Role of neutrophils in breakdown of the blood-retinal barrier following intravitreal injection of platelet-activating factor.
Breakdown of the blood-retinal barrier occurs in inflammatory conditions and in ischemic retinal diseases such as diabetic retinopathy. Platelet-activating factor (PAF) is a potent inflammatory mediator which increases vascular permeability. The purpose of this study was to determine if intravitreally-injected PAF would cause breakdown of the blood-retinal barrier and, if so, by what mechanism. Fluorescein angiography was performed before and at 0.5, 1, 2, 3 and 4 hr after PAF injection into the vitreous cavity of rabbit eyes and the eyes were enucleated immediately for light and electron microscopy. Slow flowing thrombi were observed in all PAF-injected eyes. Complete vascular occlusion was observed in 10 of 16 eyes after 3 and 4 hr. There was no fluorescein leakage in any of eyes before or at 0.5 or 1 hr after PAF injection. Fourteen of 20 eyes had fluorescein leakage at 2, 3 and 4 hr after PAF injection. The extent of fluorescein leakage correlated with the degree of polymorphonuclear leukocyte (PMN) margination, disruption of the endothelial cell layer, infiltration into vascular walls and migration into the vitreous cavity. PMNs appeared to migrate by both intercellular and transcellular routes across the endothelium. Pretreatment of rabbits with a PAF inhibitor, BN52021, prevented most of the abnormal findings.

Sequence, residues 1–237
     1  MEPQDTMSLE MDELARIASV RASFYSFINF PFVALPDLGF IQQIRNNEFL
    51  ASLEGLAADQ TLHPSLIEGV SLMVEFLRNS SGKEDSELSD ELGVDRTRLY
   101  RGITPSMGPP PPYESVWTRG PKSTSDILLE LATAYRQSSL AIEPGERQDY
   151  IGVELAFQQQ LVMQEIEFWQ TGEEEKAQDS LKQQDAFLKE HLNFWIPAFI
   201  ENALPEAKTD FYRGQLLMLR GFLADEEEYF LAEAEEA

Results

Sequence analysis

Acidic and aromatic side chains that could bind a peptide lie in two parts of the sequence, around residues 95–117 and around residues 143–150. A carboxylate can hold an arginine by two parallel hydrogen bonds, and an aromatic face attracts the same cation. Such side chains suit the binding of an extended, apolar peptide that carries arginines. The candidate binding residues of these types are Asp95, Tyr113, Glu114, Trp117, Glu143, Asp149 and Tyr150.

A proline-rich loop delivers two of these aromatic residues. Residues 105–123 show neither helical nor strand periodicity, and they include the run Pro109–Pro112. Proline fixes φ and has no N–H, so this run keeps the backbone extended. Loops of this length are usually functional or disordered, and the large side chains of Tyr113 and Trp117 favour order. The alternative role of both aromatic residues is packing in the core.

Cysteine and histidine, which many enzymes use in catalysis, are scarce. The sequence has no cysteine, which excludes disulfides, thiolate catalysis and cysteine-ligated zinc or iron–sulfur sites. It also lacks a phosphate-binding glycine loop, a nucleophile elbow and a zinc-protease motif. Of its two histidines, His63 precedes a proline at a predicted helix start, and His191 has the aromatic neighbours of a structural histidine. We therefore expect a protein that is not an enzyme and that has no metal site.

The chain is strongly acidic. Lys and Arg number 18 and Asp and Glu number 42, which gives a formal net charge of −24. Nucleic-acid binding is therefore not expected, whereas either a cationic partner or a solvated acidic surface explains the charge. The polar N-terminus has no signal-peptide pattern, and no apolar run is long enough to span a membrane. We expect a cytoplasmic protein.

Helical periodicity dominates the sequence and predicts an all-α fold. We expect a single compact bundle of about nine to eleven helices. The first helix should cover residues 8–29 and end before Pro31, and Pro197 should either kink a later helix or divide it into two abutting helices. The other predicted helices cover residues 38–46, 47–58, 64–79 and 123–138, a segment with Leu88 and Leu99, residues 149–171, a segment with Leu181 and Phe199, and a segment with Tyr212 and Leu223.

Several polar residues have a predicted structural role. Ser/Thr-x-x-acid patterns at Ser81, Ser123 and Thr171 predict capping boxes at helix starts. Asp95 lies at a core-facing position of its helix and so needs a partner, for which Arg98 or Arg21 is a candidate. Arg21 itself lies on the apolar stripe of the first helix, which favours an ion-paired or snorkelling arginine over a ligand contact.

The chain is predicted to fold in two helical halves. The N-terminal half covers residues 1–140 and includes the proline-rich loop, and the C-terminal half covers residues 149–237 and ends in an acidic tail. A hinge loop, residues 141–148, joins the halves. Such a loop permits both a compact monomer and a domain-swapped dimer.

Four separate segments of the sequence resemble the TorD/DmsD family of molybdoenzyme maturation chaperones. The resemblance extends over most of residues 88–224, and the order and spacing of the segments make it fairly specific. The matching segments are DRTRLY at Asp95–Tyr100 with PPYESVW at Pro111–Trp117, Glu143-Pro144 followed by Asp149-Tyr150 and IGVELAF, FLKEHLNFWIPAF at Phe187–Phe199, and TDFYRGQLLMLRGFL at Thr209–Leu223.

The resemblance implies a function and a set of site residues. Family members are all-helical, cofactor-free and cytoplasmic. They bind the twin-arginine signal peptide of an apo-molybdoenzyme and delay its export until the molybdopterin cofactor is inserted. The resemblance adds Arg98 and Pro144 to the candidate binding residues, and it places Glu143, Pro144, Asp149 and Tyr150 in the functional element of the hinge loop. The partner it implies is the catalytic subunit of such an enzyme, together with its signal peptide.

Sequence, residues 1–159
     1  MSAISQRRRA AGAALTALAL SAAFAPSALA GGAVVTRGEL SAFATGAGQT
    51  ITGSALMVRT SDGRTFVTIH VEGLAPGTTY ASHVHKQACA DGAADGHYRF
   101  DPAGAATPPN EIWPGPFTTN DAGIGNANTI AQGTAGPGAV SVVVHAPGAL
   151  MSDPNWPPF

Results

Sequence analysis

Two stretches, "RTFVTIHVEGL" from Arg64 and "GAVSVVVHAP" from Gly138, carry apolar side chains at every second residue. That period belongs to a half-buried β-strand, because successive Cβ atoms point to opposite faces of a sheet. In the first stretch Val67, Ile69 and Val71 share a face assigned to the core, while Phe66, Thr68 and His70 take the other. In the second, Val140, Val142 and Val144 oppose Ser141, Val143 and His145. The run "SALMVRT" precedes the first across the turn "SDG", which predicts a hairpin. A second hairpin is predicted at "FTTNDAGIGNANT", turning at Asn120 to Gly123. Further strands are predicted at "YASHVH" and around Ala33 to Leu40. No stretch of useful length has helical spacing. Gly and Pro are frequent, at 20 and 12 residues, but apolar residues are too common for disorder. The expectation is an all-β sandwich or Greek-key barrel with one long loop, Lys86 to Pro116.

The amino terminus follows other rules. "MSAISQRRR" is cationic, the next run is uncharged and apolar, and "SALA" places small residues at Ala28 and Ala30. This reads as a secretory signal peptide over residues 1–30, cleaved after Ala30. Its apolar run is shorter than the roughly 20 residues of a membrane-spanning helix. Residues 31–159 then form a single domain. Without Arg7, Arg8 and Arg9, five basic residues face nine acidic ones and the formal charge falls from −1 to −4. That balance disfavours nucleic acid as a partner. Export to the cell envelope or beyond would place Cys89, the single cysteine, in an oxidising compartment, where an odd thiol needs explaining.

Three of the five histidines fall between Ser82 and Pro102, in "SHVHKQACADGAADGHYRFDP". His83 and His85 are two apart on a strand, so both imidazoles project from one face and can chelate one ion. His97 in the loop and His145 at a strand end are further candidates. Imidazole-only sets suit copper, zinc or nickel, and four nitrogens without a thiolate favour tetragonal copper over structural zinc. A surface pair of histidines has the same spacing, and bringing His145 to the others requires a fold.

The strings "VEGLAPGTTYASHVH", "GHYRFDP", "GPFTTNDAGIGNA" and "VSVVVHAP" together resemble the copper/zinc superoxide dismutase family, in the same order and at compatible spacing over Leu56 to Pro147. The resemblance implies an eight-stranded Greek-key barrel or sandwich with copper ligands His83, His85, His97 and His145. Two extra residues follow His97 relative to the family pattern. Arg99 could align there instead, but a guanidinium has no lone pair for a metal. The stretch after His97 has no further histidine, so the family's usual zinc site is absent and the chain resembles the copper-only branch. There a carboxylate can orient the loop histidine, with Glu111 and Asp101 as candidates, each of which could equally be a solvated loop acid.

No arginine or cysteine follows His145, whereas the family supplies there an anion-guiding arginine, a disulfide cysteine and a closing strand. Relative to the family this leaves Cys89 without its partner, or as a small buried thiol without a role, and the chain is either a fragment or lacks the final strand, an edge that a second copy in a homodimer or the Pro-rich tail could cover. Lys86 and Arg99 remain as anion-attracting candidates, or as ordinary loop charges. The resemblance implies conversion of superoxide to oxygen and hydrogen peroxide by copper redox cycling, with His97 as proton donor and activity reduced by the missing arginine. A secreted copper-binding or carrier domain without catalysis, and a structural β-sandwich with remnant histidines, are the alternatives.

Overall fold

Smith, D; Lee, EK; Saloupis, P; Davis, JK; Hatchell, DL
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